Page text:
For many practitioners of in vitro fertilisation (IVF) today, it must be hard to comprehend the disdain and disgust with which the introduction of IVF as a therapy for infertility was greeted. The ethical and legal wrangling about human reproductive cloning and the current debate over trans‐generational (germline) genome editing gives a small flavour of how IVF was seen then. What was regarded as an irrelevant, disruptive, and unethical practice is now effectively mainstream treatment in most countries of the world.
The journey from bench to bedside was fraught with difficulties – both technical and social.1 It took almost 10 years from the proof of principle of IVF in Robert Edwards’ Cambridge laboratory to the first live birth 40 years ago in Oldham, UK, achieved by Edwards, Steptoe, and Purdy. To be an IVF parent then was considered too shameful to admit, to be an IVF child was to be considered a freak, and to be an IVF practitioner or to be conducting embryo research led to one being likened to Frankenstein or Dr Mengele. Indeed, when Edwards and Steptoe applied for a Medical Research Council (MRC) grant to fund their work in 1971, they received entirely hostile referees’ reports,2 suggesting that the referees either did not believe that IVF was able to solve the problem of infertility or that it was not a problem worth solving. Despite these funding setbacks, the hostile social environment in which they worked, and the many technical problems that they had to overcome, they pressed on undaunted, buoyed up largely by the many letters that they received from people suffering with infertility and the willing supply of patients that came to their Oldham clinic. The hostile social and professional environment was such that, even after the births of Louise Brown in 1978 and Alistair Montgomery in 1979, the situation for Edwards, Steptoe, and Purdy did not improve. As Steptoe had to retire from his NHS post in Oldham, they sought support from the NHS and the University in Cambridge to continue the work there, but were unsuccessful, and were forced to relocate and adapt a private clinic at Bourn Hall, which set them back 2 years. During this hiatus, the Australian clinics in Melbourne took the lead, only to be hampered themselves by the same social abreaction in the form of state legislation that restricted their capacity to undertake research on human embryos. Edwards, Steptoe, and Purdy started taking patients at Bourn Hall in 1982, the same year that the Government set up a committee of enquiry into IVF chaired by Mary Warnock. This committee reported in 1984 and recommended the setting up of a Human Fertilisation and Embryology Authority (HFEA), to oversee treatment and research using human embryos. The HFEA finally came into existence in 1990 after a prolonged struggle to salvage embryo research from initially very hostile houses of parliament.3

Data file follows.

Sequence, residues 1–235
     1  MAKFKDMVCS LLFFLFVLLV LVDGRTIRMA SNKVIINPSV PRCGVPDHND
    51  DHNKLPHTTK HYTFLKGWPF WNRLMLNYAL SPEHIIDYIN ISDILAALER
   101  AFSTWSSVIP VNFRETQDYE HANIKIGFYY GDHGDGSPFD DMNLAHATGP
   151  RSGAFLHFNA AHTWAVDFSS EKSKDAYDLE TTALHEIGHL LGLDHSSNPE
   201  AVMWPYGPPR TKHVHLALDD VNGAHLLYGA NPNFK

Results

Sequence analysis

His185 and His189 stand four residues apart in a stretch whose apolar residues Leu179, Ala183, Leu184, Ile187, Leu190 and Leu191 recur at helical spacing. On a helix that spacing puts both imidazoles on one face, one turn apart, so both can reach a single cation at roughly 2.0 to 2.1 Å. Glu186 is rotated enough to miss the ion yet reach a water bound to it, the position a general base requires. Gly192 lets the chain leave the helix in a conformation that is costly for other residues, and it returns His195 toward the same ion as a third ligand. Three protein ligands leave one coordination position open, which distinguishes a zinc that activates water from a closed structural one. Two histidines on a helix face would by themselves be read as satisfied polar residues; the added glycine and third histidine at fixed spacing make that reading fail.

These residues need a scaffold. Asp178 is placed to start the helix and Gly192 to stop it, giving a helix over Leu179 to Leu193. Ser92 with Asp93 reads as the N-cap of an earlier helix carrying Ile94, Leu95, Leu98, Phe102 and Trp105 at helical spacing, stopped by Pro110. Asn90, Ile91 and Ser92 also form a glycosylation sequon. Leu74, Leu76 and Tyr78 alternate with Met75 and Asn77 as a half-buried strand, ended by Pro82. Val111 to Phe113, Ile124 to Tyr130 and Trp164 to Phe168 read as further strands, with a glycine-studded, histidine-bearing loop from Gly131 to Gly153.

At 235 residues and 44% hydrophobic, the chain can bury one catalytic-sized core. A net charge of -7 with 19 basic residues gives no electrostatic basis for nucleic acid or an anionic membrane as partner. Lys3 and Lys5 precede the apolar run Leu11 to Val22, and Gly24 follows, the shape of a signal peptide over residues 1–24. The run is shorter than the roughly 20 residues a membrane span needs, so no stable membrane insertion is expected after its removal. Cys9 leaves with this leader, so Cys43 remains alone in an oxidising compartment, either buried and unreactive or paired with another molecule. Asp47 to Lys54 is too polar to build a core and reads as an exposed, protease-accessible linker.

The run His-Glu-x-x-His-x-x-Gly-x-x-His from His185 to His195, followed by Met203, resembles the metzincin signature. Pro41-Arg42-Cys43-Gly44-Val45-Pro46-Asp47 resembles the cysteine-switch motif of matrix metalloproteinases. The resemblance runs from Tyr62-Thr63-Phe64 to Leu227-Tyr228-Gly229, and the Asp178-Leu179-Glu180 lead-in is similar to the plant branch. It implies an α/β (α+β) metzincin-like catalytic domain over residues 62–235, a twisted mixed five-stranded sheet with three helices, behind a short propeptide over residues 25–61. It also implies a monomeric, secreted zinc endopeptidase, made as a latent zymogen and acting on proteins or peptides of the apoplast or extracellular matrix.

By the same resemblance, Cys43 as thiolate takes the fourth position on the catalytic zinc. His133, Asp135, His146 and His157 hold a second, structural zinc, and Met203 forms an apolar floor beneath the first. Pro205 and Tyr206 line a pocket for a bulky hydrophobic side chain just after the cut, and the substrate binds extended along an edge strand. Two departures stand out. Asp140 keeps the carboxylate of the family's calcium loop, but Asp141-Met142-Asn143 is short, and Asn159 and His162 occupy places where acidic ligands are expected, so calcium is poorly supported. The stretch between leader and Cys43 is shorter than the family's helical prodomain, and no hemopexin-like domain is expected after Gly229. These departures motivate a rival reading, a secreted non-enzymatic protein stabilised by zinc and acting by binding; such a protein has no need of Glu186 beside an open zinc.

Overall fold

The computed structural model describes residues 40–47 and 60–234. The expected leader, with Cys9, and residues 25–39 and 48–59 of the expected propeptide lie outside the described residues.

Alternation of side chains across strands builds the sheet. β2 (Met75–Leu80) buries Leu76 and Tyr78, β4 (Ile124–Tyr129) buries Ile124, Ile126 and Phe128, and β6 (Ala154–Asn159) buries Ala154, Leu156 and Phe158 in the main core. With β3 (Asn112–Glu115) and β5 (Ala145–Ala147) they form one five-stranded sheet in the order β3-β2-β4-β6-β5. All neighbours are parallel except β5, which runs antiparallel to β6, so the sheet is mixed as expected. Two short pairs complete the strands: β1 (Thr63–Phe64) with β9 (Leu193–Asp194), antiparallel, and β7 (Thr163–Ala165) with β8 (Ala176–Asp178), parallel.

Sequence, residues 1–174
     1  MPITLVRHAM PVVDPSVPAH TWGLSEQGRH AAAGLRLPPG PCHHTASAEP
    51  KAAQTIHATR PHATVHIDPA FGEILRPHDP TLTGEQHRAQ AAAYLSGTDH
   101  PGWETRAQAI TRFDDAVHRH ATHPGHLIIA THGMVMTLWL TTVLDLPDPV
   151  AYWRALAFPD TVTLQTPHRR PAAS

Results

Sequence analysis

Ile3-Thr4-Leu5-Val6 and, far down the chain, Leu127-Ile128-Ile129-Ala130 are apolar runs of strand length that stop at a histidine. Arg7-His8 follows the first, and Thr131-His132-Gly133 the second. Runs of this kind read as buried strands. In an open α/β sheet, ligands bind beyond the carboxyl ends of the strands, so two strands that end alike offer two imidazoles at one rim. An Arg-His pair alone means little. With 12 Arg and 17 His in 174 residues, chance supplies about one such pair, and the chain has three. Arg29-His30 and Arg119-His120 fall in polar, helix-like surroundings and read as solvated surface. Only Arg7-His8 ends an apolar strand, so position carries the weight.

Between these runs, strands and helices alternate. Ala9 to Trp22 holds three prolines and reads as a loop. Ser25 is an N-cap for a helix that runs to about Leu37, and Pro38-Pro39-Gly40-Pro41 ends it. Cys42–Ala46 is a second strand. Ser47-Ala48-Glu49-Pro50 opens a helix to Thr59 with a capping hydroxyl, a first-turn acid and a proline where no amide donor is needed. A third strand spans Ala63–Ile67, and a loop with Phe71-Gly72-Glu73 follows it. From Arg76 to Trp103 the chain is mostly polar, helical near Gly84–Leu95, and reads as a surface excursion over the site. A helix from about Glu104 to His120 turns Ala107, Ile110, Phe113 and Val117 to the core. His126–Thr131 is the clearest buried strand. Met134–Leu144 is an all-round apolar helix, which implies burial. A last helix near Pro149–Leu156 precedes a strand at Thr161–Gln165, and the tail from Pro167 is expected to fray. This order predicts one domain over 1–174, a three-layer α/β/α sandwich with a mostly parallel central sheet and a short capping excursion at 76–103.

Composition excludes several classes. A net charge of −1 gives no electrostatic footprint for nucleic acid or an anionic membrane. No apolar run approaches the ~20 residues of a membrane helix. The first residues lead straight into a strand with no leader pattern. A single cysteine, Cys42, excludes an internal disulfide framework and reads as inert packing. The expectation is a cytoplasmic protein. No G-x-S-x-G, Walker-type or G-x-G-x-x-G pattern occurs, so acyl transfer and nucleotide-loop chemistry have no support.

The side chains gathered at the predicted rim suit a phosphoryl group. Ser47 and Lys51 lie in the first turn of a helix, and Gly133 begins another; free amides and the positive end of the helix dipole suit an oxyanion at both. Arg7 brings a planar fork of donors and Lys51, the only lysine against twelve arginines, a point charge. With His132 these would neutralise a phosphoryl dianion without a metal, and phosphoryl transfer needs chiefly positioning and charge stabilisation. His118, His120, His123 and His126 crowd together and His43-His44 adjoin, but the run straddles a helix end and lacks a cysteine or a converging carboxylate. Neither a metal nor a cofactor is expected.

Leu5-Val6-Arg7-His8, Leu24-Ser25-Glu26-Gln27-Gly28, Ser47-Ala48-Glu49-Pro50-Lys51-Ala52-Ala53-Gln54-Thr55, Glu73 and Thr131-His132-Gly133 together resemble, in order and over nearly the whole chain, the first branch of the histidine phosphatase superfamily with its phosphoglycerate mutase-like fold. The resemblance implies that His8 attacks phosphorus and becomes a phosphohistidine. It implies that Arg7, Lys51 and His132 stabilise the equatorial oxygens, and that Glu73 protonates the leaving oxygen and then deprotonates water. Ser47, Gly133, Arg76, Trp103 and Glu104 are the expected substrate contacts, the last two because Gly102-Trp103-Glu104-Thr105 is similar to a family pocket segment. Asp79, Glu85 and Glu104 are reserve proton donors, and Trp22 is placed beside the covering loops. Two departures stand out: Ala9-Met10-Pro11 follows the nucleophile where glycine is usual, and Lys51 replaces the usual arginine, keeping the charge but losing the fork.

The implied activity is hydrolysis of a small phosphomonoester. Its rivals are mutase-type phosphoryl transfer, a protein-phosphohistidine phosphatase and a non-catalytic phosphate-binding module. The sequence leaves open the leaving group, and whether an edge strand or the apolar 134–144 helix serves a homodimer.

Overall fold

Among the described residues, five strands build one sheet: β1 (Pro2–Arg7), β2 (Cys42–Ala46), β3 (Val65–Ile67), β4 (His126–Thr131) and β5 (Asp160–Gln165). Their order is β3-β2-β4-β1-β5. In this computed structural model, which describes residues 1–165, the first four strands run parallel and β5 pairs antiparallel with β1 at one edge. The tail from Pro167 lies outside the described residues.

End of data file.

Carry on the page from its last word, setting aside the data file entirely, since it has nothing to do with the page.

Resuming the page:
Efficacy and safety
Despite the fact that we have much to celebrate regarding the introduction of IVF, it is clear that the efficacy of the technology, despite continuing improvement, remains limited (can you imagine any other branch of medicine or surgery accepting and working with a 70% failure rate?), and its safety is still not fully demonstrated: being live born is not the same as being a healthy adult. Potential epigenetic effects of superovulation, culture conditions, media constituents, and embryo or gamete manipulation have never been studied in the long term,4 and only a few have been studied in the short term. In the early days of IVF, neither the MRC nor the Department of Health thought IVF important enough to consider long‐term follow‐up for babies, and still only scant information about health follows the various registers internationally. At least intracytoplasmic sperm injection (ICSI) was followed up strictly after its introduction in Belgium, and some pre‐implantation genetic diagnosis (PGD) centres still follow the children that they have helped to be born free of genetic disease.
Multiple embryo transfer
Increasing evidence has accumulated from well‐designed studies about the disadvantages and risks of multiple embryo transfer, not only in terms of prematurity with a multiple birth, but also the effects of vanishing twins that may accompany the transfer of more than one embryo.5 There is still a general reluctance to move wholly to single embryo transfer, However; the success of embryo vitrification is likely to change this, although evidence of its long‐term safety is still being collected.
Previously, this was undertaken as a last resort in the face of ageing and a lack of a partner, and was thus too late to be really effective.6 The freezing of oocytes as natural insurance against the reduction of fertility with ageing and against the increased risk of adverse genetic outcomes with age is a recent change in practice, and the demand for this is likely to increase further, especially if the legal time limit of 10 years for storage can be relaxed.
Pre‐implantation genetic screening and other new technologies